The Walter Rodney Commission of Inquiry believes that the politician was assassinated as part of a state sponsored operation.
The founder of the Working People’s Alliance was killed back in 1980 when a bomb exploded as he sat in a car in Georgetown. Although there was always suspicion that the then PNC government had knowledge of the bomb that resulted in Rodney’s death, the party had always distanced himself and had claimed that Rodney was testing a walkie talkie bomb when he made a mistake that cost him his life.
“We find on the balance of probabilities that Walter Rodney had intended the walkie talkie to be a communications device which would have permitted him to be in relatively easy contact with fellow WPA activists and for no sinister purpose. The point must be made at this stage that telephones were not easily available and there was discrimination in the distribution which was controlled by a state agency and which, in all likelihood, would have been denied the WPA”, the report said.
The Rodney Commission which wrapped up its work late last year and handed over its report a week ago found based on testimonies and statements that “Dr Walter Rodney was a man of large and significant stature both in Guyana and beyond at the time of his death. He could only have been killed in what we find to be a State organised assassination with the knowledge of Prime Minister Burnham in the Guyana of that period. It was a controlled society and Burnham had a large and detailed knowledge of whatever was being done by the state and its agencies”.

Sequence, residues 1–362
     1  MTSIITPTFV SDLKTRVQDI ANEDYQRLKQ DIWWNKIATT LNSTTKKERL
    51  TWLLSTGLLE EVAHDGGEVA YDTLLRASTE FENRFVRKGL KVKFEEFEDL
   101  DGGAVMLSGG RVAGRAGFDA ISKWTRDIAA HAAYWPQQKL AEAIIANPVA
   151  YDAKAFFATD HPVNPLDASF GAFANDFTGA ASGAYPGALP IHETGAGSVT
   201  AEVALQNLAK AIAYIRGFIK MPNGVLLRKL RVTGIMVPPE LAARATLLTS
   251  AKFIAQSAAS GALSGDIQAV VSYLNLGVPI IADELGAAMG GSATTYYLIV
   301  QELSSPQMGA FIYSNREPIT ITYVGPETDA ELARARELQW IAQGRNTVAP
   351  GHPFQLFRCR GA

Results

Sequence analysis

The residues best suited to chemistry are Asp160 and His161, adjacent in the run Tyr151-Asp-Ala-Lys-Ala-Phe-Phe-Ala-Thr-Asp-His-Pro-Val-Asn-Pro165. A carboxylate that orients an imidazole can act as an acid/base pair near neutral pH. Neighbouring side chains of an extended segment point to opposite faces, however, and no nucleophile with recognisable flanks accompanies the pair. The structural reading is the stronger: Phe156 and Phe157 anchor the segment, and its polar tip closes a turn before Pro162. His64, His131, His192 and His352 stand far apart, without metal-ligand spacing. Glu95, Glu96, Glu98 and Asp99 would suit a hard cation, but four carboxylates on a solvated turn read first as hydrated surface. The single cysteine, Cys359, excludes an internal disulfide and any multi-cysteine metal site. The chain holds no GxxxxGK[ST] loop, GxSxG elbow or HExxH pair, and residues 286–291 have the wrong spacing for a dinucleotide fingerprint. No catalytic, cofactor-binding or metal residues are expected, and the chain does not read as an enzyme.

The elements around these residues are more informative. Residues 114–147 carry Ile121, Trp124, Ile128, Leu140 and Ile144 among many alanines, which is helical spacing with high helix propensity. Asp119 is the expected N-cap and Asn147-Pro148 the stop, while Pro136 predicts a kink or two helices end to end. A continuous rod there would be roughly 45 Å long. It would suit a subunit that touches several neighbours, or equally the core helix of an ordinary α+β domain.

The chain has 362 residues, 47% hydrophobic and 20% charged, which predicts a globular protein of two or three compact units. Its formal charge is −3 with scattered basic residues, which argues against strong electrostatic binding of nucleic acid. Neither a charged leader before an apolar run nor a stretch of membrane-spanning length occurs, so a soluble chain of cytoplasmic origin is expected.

A number of former top Police and Guyana Defence Force officials had appeared before the Commission distancing themselves from Rodney’s death. The man who was fingered in setting up the bomb that killed Rodney was a former GDF officer, Gregory Smith.
After Rodney’s death, Smith hurried out of Guyana and settled in French Guiana until the time of his death, decades after. The Commission believes that he was helped out of Guyana by the former PNC government.
The Rodney Commission which was headed by leading Barbadian Attorney, Sir Richard Cheltenham, complained in the report about the Commission being cut short by the current government.
When the coalition government took office, it offered a number of extensions to the Commission before it asked the Commission to wrap up its work as its bill reached over $300 million.
The Commission went on for over a year.